By Alex Eng, news staff
The Student Government Association (SGA) discussed its ambitions to improve student relations during a press conference held on Wednesday, Oct. 5.
SGA Executive Board members sat down with The News in the SGA Senate Chambers to explain their plans to step up student group outreach, recognize student leadership and target specific issues that students and student groups face around campus.
Akeira Gilbert, the SGA’s executive director of communications, described targeted student organization outreach, which is designed to give underrepresented groups a voice.
“Each month, we are highlighting up to three student organizations, and we are correlating them with national awareness or heritage months,” Gilbert, a junior human services major, said.
In September, the SGA highlighted Behind the Smile, Interpreting Club and the Latin American Student Organization (LASO) for National Suicide Awareness Month, Deaf Awareness Month and Hispanic Heritage Month, respectively.
The purpose of this type of outreach—giving underrepresented groups a voice—is the same goal behind the SGA’s new monthly initiatives, a practice that is being revived in order to frame Senate meetings with specific goals.
“Monthly initiatives started with the concept of starting to reframe the conversation from ‘What’s wrong on campus?’ to ‘What’s wrong about a certain aspect of campus life?’” said SGA Vice President Suchira Sharma.
Sharma, a third-year international business major, said that opening this new type of specific dialogue would lead to more specific action.
“We found that by leading those intentional discussions, we are able to find key points and projects and initiatives that our cabinet members, committee members and senators who are really passionate can take on and enact that change throughout the course of the year,” she said.
This month, dubbed ‘OUTober’, has directed the SGA’s efforts toward highlighting LGBTQA+ identities and intersectionality at Northeastern. On Sunday, Oct. 2, the SGA held an OUTober event in the Curry Student Center Ballroom, where LGBTQA+ and cultural groups met with the SGA to discuss the challenges that students grappling with identity faced at Northeastern.
“We discussed which parts of each person’s identity that students felt that Northeastern and student government had championed in the past, and which ones had kind of fell flat,” said Gilbert.
According to Gilbert, concerns raised included the availability of gender-neutral bathrooms and a lack of sufficient resources for students who needed help in wake of recent tragedies, like police shootings.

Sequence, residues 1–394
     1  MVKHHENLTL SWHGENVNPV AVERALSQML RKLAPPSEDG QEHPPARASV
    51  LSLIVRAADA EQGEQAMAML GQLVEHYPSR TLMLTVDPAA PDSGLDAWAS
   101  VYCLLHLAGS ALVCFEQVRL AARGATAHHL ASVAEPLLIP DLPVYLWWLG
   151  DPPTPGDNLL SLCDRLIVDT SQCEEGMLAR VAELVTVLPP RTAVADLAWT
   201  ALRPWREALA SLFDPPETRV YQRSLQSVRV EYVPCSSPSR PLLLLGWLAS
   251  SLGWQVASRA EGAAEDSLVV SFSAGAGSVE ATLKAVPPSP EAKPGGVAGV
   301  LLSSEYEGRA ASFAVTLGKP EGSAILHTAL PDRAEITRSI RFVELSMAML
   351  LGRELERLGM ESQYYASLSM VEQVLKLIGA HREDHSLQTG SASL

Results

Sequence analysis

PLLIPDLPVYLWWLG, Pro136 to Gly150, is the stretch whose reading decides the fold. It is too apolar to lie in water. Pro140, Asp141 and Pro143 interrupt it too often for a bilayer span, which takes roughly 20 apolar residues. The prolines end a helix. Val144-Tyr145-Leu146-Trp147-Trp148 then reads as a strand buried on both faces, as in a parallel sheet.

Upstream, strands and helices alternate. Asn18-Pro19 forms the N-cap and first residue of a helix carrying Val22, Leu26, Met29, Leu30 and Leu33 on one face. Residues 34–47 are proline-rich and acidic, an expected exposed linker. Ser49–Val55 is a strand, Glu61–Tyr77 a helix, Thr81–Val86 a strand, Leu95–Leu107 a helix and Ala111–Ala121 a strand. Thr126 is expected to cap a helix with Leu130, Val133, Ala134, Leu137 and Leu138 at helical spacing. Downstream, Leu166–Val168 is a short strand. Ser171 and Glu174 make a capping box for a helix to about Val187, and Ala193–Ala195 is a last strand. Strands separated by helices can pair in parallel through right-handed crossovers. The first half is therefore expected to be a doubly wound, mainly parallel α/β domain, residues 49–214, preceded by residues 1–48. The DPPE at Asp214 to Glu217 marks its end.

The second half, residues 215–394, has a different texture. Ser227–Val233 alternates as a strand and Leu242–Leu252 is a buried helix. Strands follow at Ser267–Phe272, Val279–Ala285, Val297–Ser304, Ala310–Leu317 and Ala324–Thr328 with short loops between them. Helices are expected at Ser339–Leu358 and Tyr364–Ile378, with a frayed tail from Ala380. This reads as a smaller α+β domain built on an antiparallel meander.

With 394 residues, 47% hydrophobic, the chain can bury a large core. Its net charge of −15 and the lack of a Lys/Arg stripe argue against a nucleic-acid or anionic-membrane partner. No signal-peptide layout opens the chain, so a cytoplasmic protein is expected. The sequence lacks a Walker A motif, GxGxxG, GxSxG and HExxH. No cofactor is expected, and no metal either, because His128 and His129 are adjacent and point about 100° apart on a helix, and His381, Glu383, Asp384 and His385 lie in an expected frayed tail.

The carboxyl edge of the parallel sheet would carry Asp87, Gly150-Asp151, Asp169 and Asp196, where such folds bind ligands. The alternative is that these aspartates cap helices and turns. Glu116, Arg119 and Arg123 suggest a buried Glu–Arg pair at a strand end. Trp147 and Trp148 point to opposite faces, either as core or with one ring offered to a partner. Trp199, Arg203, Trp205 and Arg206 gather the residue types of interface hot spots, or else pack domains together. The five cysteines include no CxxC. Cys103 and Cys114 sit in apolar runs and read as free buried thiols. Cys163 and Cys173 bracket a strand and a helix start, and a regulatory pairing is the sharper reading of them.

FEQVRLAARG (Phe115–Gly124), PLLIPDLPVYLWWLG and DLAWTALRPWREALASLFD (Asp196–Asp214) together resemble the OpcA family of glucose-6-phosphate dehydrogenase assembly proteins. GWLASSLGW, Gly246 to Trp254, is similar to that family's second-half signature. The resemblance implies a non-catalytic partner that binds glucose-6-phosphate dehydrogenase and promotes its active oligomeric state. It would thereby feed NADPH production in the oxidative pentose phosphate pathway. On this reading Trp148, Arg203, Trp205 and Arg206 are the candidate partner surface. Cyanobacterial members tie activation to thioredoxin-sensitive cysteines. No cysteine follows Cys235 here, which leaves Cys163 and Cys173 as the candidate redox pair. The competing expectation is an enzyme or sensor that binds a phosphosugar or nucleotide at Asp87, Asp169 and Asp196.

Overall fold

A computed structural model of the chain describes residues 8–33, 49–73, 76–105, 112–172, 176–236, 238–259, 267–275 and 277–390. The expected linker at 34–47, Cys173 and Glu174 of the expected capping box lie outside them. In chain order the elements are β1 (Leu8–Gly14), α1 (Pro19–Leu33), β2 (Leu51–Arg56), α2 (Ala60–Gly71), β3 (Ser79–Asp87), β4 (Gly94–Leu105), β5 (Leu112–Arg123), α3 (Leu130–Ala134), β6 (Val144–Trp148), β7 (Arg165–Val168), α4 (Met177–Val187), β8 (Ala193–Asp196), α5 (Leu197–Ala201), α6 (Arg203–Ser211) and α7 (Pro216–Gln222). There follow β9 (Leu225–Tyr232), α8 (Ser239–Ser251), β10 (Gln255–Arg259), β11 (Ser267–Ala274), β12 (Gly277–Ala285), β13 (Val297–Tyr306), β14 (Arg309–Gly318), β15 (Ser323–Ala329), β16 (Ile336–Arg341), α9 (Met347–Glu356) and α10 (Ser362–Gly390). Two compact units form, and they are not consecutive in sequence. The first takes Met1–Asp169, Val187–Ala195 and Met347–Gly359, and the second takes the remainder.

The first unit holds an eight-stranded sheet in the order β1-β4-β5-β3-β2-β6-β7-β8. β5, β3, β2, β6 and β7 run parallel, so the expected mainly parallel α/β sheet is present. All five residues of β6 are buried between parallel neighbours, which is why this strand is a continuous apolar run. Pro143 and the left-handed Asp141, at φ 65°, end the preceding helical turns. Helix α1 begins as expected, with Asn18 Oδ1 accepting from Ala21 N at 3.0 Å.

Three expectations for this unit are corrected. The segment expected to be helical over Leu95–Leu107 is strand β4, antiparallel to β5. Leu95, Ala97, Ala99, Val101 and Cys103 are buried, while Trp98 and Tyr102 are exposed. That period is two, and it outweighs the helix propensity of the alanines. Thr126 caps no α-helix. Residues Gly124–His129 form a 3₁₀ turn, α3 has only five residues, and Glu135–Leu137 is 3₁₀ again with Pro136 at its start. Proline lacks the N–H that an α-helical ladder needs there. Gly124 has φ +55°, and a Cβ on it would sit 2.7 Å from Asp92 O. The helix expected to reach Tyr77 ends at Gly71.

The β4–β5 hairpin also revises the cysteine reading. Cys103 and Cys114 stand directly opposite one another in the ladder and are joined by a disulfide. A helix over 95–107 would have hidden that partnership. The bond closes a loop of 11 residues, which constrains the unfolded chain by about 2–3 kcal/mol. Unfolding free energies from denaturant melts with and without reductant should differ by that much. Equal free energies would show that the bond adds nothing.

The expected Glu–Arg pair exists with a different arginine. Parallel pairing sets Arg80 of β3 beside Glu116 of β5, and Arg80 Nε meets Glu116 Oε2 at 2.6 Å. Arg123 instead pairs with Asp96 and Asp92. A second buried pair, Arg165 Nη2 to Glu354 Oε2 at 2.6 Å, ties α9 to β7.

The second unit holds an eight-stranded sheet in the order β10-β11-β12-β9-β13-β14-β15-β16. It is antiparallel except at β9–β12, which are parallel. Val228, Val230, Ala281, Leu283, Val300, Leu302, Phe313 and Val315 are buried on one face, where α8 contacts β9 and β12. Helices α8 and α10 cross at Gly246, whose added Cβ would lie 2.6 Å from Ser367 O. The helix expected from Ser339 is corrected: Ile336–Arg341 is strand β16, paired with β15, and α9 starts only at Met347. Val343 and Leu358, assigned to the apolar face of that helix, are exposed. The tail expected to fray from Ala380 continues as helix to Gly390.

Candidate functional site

The SGA also plans to begin its Student Leadership Access Awards, in which it will partner with the Office of Alumni Relations to recognize 12 students per year for being of exceptional value to the Northeastern community.
According to SGA President Elliot Horen, the award will be given to student leaders for the work they do that directly benefits Northeastern or makes this campus a better place to be.
Horen, a junior information science and business administration major, said the SGA Cabinet will use the award to honor successes that affect the school’s community.
“While individual contributions or accomplishments are wonderful and certainly deserve celebration, this is about work that students do to benefit other students in the Northeastern community,” he said.
Each $500 award will be funded by the Office of Alumni Relations and the SGA’s own fundraising efforts. The purpose is to give not only recognition but also financial aid to hardworking students who have had to make sacrifices, such as trading off hours with a part-time job, to better the Northeastern community.
More details on the award will be released in mid-October as the SGA Cabinet finishes its planning for this initiative, Horen said. As of now, anyone can be nominated, and individuals can apply for themselves as well.
Judgement will be conducted by the SGA Cabinet with some input from alumni, but it would remain an award by students and for students, Horen said.
“For all those nights they spend on campus […] this award can help and say, ‘The work you do on campus is really valued by not just the administration but by your fellow students,’” he said.
Photo courtesy SGA
Correction: A previous version of this article referred to Elliot Horen as a senior.